[Buddha-l] Western reporter's memoir about General VoNguyen Giap--article & photos

Dan Lusthaus vasubandhu at earthlink.net
Sun Oct 20 12:35:09 MDT 2013

> Dan, Vietnam is distinctly unlike North Korea. I refer to the public
> performances that were choreographed for the world's cameras when Kim Jong
> Il died.

First, I agree that Vietnam is unlike N. Korea, just as it is unlike us.

Second, that many/most N. Koreans have been successfully brainwashed to 
revere their divine leaders to the nth degree is the case. So the 
choreographed ceremonies and mourning in N. Korea where legitimate 
expressions of deep emotional feelings. (Koreans in the N. and S. are easily 
the most emotional group in E. Asia -- the most popular entertainment there 
consists of long "variety" shows running for hours, the mainstay of which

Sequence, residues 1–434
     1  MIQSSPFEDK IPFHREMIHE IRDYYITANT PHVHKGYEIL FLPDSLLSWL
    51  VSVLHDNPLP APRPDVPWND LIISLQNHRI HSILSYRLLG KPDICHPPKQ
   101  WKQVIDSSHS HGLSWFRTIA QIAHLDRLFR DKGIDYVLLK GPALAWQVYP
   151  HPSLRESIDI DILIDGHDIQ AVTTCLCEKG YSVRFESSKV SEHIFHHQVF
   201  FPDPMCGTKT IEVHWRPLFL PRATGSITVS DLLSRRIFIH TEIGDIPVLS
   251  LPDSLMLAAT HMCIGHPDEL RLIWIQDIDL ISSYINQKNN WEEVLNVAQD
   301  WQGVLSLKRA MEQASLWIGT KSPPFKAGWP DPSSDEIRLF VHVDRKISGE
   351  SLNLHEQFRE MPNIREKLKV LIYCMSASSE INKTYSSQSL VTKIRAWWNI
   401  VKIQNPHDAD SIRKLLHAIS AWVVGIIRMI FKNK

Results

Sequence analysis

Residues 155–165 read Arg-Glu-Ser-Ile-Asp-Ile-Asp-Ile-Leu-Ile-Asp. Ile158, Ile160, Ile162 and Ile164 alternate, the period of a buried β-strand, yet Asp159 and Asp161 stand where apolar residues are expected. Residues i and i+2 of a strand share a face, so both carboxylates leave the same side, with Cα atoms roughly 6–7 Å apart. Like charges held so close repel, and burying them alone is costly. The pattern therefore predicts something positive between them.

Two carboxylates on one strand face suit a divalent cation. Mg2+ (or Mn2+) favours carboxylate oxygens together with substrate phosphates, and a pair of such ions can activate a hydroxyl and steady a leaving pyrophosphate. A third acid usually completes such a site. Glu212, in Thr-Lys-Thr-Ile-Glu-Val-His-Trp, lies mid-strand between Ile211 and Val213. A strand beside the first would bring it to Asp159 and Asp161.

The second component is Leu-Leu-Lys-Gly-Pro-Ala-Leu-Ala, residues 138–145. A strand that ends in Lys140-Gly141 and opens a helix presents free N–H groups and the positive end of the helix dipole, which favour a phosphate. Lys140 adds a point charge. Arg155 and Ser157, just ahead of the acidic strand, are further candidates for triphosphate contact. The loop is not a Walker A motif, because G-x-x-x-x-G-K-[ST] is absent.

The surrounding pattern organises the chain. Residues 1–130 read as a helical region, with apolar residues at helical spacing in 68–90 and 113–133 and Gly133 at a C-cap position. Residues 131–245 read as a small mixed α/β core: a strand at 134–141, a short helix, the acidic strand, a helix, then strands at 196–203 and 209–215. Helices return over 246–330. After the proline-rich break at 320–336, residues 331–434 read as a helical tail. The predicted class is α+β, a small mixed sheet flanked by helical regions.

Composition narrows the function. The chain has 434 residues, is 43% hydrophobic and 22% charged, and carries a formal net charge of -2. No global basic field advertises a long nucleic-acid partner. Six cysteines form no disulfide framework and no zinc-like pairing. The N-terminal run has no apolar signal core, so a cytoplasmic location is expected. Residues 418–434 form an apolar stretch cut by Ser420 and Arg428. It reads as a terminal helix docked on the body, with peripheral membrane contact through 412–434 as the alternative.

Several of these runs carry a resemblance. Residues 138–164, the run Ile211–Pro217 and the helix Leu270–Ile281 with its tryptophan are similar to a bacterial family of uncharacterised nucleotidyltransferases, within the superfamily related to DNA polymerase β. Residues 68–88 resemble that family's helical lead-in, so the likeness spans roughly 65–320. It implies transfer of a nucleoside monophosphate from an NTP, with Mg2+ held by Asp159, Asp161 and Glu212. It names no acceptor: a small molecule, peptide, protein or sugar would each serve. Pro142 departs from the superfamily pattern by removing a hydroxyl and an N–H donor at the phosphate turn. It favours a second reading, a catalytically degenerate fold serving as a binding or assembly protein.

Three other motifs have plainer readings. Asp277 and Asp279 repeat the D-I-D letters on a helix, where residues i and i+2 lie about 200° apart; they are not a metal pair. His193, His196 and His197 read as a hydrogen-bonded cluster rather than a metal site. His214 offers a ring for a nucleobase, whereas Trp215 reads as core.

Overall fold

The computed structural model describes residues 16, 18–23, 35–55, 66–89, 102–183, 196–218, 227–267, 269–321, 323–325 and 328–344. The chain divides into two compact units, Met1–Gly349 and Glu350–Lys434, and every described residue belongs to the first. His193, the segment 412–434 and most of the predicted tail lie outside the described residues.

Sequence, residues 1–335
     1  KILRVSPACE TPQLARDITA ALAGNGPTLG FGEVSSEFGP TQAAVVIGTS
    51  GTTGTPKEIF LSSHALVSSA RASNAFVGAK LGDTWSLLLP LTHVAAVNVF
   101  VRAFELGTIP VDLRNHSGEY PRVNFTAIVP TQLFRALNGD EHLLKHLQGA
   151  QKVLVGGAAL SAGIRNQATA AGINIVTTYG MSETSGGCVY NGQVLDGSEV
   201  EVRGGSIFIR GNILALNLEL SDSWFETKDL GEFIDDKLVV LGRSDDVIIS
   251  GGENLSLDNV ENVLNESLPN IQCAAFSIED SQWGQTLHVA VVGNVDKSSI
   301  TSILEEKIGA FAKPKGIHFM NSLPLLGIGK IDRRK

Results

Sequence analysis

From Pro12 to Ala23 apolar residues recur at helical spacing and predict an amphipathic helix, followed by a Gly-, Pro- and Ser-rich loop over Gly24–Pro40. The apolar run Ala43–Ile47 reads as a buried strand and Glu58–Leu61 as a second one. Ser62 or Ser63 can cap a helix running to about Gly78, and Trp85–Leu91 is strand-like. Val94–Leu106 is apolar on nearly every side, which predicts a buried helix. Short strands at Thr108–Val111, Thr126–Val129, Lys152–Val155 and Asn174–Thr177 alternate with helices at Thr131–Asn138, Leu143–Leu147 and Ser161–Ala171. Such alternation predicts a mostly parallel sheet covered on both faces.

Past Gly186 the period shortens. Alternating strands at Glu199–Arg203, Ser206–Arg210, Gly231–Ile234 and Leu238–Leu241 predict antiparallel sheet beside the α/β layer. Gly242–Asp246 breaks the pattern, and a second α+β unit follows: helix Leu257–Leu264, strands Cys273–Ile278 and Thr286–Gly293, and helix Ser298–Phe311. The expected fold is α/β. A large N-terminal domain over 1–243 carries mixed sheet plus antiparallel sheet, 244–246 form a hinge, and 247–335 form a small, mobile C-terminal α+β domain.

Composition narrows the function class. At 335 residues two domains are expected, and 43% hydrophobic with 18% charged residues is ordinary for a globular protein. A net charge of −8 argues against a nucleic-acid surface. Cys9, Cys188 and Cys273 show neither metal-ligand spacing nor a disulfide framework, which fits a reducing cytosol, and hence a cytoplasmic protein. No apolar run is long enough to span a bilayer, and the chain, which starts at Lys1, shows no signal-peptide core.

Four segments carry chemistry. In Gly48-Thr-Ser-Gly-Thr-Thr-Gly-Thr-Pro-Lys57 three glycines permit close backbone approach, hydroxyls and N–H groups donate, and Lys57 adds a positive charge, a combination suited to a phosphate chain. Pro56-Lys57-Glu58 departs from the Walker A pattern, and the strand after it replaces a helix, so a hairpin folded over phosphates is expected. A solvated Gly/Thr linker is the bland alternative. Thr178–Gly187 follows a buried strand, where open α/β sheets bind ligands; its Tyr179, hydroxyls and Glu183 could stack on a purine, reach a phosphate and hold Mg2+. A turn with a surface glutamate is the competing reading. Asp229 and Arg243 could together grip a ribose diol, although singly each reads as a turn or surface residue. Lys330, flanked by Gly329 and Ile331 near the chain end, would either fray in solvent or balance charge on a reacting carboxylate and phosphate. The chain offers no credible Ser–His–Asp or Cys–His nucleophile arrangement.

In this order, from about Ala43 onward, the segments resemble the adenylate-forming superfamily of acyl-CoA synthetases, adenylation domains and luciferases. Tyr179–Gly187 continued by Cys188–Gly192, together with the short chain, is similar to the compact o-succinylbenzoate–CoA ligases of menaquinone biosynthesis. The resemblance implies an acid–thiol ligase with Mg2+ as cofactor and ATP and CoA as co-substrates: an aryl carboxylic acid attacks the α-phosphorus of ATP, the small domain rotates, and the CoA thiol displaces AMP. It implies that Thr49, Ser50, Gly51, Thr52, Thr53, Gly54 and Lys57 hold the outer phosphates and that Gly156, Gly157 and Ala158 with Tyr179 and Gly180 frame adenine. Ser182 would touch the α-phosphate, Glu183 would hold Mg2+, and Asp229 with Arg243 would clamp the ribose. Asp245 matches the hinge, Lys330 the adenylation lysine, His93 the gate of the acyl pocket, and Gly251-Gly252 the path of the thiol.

are singers singing sad to melancholy songs, and the audience -- made up of 
children through grandmothers -- all crying along. That's what counts as a 
"good time" in Korea.)

Third, what I was referring to is the disparity between the way ex-pat 
Vietnamese Buddhists, esp. clergy, view their in-country brethren, not 
exactly that the in-country Buddhists are all hypocritical, though some 
social coersion -- at least in the form of expectations -- is at play. There 
is complicity between the govt and Buddhist leadership, which thus instills 
and inculcates respect for national heroes, including military ones. In that 
sense, like N. Koreans, they have bought into the cultural myths, and little 
room for dissent or opposing opnions is allowed in public -- worse in N. 
Korea, but worse in Vietnam than here.

Buddhist support for nationalistic militarism in Asia (and in Europe during 
the 20th c., with support for fascism and neonazism -- e.g., G. Tucci, 
Julius Evola, Chr. Lindtner, etc. -- to get started, google "evola buddhism" 
and hold your breath) is a topic whose time has come.


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